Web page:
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From the 1920s, the rise of automobile travel and the concurrent construction of bridges and tunnels across the river sent the H&M into an financial decline from which it never recovered, and it was forced into bankruptcy in 1954.
As part of the deal that cleared the way for the construction of the original World Trade Center, the Port Authority bought the H&M out of receivership in 1962 and renamed it PATH.
There were early negotiations for New York Penn Station to also be shared by the two railroads.
When the rapid transit commissioners approved construction of the H&M's Sixth Avenue line in 1904, they left open the option of digging an east-west crosstown line.
The New York and New Jersey Railroad Company received perpetual rights to dig under Christopher and Ninth Streets eastward to either Second Avenue or Astor Place.
The Interborough Rapid Transit Company (IRT), a competitor to the H&M, proposed to connect its Lexington Avenue line to the H&M at Grand Central, Astor Place, and Fulton Street–Hudson Terminal once the planned system was complete.
It resumed in 1900 under the direction of William Gibbs Mc Adoo, an ambitious young lawyer who had moved to New York from Chattanooga, Tennessee, and later became president of the H&M.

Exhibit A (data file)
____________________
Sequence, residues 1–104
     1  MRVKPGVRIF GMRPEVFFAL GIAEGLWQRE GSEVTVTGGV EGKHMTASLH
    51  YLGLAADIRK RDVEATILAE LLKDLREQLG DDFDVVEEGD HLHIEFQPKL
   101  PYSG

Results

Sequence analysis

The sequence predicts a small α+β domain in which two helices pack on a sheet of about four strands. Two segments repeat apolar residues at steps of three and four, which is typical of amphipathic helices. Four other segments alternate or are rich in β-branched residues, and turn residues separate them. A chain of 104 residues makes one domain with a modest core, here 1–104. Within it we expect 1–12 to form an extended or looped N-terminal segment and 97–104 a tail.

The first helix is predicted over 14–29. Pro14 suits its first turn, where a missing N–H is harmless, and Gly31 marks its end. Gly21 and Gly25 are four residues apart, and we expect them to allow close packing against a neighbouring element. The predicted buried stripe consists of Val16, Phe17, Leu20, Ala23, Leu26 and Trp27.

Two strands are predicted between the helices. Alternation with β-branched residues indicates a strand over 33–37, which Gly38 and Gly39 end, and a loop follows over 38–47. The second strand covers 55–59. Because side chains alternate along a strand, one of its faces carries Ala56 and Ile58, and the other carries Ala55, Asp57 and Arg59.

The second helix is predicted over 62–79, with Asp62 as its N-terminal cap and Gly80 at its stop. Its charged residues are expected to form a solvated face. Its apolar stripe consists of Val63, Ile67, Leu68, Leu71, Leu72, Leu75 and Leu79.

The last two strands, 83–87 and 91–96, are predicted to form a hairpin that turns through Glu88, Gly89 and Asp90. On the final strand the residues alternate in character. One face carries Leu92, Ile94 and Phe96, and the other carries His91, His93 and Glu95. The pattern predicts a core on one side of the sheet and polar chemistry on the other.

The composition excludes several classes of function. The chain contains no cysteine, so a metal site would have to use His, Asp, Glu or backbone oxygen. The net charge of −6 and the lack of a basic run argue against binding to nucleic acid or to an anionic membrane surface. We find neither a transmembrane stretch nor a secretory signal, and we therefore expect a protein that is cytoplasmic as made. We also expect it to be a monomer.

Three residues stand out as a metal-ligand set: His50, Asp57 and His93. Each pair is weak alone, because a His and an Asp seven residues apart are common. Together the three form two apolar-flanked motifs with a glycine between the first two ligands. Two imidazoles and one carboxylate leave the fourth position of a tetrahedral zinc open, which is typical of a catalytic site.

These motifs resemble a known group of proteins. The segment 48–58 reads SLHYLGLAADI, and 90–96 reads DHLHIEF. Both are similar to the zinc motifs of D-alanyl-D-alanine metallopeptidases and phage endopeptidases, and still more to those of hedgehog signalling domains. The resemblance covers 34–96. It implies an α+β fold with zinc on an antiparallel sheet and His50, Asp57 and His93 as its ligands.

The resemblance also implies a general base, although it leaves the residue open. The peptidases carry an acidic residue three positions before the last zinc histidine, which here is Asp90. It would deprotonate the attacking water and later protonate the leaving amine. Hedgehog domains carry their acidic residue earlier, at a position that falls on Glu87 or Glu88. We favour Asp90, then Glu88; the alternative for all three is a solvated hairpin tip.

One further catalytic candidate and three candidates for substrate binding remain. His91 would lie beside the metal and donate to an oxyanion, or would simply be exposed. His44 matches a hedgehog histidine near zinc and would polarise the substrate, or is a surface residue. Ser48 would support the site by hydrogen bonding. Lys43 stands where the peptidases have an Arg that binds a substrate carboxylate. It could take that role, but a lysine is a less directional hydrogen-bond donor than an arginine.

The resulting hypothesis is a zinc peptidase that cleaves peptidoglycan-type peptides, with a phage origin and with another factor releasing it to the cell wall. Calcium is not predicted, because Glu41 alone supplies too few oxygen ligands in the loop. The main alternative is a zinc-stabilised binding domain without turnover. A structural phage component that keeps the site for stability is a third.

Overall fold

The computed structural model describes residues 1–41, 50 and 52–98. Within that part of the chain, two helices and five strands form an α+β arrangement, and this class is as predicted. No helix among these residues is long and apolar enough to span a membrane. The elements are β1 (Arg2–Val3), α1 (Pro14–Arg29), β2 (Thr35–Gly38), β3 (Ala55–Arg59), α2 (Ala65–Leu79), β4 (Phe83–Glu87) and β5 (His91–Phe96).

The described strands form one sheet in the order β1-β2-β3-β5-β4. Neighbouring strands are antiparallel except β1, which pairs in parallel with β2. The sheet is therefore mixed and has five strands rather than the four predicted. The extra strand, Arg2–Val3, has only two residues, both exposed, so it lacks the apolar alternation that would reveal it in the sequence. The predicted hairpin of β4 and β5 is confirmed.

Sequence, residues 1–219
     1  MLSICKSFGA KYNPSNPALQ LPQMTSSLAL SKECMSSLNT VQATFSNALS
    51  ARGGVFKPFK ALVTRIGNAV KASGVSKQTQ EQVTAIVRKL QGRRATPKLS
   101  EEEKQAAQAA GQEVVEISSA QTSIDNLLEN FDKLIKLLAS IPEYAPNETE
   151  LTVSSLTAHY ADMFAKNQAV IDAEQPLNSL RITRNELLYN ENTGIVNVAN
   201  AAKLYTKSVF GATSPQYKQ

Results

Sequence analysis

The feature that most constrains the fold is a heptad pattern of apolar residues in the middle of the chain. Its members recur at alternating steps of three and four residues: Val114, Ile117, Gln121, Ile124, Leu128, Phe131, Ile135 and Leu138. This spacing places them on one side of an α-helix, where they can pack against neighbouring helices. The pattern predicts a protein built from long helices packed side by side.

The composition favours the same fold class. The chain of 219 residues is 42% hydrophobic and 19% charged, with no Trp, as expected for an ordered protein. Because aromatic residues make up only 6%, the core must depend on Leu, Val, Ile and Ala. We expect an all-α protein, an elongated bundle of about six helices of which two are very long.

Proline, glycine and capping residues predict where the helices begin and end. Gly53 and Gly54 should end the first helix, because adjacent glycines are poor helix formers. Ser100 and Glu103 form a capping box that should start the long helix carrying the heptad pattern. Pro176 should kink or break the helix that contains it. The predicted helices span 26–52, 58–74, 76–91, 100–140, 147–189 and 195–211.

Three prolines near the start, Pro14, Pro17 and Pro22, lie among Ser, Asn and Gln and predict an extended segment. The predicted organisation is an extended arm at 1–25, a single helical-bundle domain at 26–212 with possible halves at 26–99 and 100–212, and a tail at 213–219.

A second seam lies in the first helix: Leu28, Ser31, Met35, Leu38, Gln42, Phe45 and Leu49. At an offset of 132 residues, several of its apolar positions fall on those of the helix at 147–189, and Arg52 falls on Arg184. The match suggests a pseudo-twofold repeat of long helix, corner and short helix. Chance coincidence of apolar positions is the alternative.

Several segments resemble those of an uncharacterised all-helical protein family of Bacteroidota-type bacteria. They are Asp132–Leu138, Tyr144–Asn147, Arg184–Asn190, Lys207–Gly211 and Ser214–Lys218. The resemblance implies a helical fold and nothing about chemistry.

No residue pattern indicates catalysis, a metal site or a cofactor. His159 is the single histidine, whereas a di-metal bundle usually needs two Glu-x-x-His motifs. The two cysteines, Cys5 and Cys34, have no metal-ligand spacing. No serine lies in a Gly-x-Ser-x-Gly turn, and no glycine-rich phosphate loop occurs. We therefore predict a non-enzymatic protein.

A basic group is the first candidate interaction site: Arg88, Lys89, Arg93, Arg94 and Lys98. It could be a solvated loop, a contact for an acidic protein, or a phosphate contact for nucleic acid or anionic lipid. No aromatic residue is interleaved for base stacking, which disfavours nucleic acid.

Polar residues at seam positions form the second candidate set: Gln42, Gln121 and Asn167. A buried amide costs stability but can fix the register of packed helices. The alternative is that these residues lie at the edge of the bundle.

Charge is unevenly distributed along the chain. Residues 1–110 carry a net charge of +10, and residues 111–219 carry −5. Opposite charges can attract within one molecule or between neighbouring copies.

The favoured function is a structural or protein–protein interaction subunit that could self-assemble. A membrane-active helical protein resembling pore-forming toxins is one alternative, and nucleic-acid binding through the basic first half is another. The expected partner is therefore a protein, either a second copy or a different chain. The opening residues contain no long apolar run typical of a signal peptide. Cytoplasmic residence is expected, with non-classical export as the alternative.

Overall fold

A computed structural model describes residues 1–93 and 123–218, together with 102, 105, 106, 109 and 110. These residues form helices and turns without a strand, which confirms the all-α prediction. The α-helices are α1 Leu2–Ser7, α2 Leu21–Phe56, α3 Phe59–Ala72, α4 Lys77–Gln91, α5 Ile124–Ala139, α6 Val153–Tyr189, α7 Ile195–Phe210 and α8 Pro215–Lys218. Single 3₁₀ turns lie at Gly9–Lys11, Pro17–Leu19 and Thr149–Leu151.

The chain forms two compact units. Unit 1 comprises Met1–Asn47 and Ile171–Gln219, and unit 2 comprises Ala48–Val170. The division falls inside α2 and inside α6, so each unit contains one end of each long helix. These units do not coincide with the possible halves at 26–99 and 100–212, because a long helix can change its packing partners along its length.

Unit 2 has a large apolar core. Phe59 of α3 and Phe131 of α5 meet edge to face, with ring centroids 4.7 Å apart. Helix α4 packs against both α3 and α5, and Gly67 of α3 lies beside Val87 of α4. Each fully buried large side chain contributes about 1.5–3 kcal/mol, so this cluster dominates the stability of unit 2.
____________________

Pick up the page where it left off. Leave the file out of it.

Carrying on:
When the New York and New Jersey Railroad Company resumed construction on the uptown tubes in 1902, its chief engineer, Charles M. He had workers push a shield through the mud and then place tubular cast iron plating around the tube.
Revenue service started between Hoboken Terminal and 19th Street at midnight on February 26, 1908, when President Theodore Roosevelt pressed a button at the White House that turned on the electric lines in the uptown tubes (the first train carrying passengers, all selected officials, had run the previous day).Originally, the Hudson Tubes were designed to link three major railroad terminals on the Hudson River in New Jersey—the Erie Railroad (Erie) and Pennsylvania Railroad (PRR) in Jersey City and the Delaware, Lackawanna and Western Railroad (DL&W) in Hoboken—with New York City.While PATH still connects to train stations in Hoboken and Newark, the Erie's Pavonia Terminal at what is now Newport and the PRR terminal at Exchange Place station have been closed and demolished.A stop at Summit Avenue (now Journal Square), located between Grove Street and Manhattan Transfer, opened in April 1912 as an infill station on the Newark-Hudson Terminal line, though only one platform was in use at the time.The station was completed by February 1913, allowing service from 33rd Street to terminate there.